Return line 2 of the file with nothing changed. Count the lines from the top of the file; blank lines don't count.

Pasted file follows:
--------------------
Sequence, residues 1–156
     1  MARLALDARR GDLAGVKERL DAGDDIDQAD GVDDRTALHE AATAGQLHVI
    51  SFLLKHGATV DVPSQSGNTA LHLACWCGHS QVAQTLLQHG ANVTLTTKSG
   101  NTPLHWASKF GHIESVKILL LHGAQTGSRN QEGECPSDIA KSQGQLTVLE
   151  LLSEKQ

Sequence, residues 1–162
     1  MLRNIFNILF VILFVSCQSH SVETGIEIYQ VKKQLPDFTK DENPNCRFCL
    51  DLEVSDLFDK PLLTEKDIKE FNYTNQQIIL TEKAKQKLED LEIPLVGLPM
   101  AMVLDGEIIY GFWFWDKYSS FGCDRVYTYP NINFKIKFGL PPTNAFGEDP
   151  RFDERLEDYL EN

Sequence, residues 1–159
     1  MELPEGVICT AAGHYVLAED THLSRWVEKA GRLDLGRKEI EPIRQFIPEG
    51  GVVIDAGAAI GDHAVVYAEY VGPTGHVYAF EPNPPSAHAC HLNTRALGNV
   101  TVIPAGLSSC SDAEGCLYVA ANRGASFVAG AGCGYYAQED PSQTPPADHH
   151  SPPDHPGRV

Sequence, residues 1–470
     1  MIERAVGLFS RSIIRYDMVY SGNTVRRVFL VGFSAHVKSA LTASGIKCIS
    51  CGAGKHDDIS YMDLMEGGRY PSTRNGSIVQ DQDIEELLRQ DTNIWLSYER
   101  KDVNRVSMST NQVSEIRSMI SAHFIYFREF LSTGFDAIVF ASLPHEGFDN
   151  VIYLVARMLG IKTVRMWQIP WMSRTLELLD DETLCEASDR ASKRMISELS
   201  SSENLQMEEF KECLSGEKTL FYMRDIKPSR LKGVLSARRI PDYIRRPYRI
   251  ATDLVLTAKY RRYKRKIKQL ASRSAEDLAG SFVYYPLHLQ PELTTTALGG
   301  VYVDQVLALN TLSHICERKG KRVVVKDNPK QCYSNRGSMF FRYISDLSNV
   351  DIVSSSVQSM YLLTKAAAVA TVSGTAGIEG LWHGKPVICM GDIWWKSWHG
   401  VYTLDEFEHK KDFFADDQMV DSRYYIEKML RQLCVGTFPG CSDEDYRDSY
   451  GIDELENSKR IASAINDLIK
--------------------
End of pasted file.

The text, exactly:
     1  MARLALDARR GDLAGVKERL DAGDDIDQAD GVDDRTALHE AATAGQLHVI